Among the most intriguing web-making spiders are the net-casters, found mostly in the tropics and subtropics. They have enormous eyes that are very sensitive in dim light. They hang from a silken framework, waiting for prey, holding a small web between the front legs. When the spider spies a passing prey insect, or the unwary insect happens to touch a strand of silk, the predator stretches out the web and pounces, entangling the prey in the expanded net, which folds up around the prey.

There are many thousands of species of spider, and all can make silk. But not all spiders make webs. Jumping spiders and wolf spiders hunt using their excellent vision for 3-D precision in locating prey. Jumping spiders often spin a safety line when they jump, so they can retreat to their perch if they miss their strike. One jumping spider species claims the spider record for high elevation—living on Mount Everest at twenty thousand feet and more. Wolf spiders often wander around, when hunting, but some prefer to sit near burrow and wait in ambush. Trapdoor spiders live in silk-lined burrows, behind a slightly open door disguised by various available materials; passing prey insects are ambushed as the door is flung open and the spider lunges out. Crab spiders don’t make webs, either. Some sit in flowers, mimicking the flower’s coloration, in hopes of ambushing some flower-visiting insect, while others perch on leaves or bark.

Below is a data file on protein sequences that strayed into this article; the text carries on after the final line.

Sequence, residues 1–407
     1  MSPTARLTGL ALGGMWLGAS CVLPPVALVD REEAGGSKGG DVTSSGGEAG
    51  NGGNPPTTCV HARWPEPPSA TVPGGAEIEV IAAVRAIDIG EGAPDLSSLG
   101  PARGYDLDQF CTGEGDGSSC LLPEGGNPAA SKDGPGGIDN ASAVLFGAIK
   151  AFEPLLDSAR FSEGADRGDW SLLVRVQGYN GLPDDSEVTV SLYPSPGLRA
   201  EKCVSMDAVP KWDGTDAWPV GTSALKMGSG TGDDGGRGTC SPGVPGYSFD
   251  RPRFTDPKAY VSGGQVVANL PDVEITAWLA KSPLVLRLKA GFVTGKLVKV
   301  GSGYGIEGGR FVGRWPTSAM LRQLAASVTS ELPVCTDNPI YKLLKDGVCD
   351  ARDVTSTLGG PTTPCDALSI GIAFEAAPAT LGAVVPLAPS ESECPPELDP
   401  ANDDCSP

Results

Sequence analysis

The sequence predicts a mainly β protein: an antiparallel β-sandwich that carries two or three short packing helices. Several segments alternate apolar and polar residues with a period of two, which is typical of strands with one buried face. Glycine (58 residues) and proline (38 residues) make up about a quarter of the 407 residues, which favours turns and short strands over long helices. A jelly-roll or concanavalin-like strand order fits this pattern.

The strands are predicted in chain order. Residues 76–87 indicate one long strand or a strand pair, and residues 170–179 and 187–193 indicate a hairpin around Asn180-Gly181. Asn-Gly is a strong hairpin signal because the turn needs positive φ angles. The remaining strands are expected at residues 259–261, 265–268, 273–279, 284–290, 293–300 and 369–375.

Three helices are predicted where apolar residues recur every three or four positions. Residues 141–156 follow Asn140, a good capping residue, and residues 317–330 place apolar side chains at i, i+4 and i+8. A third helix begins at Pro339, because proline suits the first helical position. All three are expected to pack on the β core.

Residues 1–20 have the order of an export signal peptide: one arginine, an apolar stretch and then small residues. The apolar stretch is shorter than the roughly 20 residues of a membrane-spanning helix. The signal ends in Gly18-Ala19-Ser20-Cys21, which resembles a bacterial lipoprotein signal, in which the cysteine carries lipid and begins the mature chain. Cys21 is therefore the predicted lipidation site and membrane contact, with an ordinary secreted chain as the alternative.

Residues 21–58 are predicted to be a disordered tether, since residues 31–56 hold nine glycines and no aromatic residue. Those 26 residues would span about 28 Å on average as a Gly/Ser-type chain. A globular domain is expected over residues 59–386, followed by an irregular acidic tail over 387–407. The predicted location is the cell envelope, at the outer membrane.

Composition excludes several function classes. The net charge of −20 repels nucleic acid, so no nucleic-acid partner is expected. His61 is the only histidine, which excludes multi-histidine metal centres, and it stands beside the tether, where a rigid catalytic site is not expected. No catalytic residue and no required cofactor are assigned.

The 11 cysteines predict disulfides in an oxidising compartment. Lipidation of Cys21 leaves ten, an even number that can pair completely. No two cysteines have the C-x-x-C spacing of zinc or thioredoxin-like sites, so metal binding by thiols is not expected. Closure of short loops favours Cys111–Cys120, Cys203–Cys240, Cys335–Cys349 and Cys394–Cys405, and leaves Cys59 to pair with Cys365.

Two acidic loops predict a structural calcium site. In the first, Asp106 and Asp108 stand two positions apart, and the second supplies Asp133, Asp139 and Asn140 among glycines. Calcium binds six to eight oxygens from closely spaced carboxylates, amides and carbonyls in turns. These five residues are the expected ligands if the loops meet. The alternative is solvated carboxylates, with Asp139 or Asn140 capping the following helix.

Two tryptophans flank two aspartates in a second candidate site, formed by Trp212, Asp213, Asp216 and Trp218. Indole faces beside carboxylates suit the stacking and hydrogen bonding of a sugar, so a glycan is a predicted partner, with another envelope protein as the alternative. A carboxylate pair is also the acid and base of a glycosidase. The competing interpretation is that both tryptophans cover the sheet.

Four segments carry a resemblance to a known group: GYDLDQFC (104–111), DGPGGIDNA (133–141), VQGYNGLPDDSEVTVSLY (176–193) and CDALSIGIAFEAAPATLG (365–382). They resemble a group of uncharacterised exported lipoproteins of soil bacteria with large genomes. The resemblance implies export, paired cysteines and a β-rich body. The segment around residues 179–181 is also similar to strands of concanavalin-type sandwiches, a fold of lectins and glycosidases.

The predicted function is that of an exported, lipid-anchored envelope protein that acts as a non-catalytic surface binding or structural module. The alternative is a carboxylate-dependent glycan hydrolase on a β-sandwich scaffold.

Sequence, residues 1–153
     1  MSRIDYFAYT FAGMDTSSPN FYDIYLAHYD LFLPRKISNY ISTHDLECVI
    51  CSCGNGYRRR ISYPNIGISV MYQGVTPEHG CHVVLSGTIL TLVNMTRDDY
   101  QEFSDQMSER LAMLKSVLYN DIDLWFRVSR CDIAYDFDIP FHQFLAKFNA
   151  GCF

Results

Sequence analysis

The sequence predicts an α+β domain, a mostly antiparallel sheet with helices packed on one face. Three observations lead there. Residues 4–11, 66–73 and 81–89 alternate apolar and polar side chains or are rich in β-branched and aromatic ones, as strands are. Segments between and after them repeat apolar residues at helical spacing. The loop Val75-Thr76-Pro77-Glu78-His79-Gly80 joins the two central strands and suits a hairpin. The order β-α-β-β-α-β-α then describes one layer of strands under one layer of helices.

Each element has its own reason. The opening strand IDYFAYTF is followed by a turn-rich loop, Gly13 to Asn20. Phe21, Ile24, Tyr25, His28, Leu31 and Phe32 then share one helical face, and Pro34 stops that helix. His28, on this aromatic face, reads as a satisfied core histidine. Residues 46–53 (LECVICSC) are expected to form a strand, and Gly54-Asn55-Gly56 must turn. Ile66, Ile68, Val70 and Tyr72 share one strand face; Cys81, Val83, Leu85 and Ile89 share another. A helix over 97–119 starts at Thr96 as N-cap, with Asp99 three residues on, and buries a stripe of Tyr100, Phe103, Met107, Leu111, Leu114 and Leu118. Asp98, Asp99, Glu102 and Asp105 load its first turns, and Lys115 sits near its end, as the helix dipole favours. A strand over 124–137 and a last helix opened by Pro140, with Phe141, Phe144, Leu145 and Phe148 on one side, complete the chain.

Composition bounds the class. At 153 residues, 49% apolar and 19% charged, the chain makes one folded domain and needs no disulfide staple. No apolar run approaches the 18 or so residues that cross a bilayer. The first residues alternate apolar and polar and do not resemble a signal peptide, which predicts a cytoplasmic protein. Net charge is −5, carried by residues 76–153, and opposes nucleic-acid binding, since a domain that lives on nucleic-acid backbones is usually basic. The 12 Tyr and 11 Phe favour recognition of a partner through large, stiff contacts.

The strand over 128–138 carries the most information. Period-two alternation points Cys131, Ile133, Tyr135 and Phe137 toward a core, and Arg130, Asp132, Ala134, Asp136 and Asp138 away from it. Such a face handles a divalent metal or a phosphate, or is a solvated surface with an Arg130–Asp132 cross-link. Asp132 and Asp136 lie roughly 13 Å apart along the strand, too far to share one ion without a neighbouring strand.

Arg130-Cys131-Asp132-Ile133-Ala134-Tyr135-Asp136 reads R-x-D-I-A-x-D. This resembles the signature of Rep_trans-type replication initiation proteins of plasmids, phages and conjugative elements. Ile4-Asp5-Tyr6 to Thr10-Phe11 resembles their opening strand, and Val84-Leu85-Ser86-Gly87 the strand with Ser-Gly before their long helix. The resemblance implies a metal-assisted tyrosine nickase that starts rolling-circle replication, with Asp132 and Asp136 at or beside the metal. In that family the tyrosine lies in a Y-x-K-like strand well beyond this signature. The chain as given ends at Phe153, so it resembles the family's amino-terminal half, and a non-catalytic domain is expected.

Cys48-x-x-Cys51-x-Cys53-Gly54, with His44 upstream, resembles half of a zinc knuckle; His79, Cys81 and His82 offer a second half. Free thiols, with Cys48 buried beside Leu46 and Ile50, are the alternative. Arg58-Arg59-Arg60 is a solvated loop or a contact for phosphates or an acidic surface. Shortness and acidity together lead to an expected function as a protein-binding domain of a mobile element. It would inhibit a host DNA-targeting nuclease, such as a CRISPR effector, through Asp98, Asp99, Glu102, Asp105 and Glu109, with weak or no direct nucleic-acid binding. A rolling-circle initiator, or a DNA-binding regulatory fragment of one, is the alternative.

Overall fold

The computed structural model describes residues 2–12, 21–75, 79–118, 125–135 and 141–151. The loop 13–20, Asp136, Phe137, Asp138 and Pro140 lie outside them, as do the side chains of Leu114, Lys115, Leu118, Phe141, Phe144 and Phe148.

That’s just a sampling of what spiders can do!


always more questions….

Just before Memorial Day, Parks and Rec went up to Cropley Lake to give the skiers among us a nice taste of spring skiing. The rest of the group walked up, with or without snowshoes. Temperatures were in the fifties, so post-holing was a concern for those of us without platforms on our feet, but we had no such problems.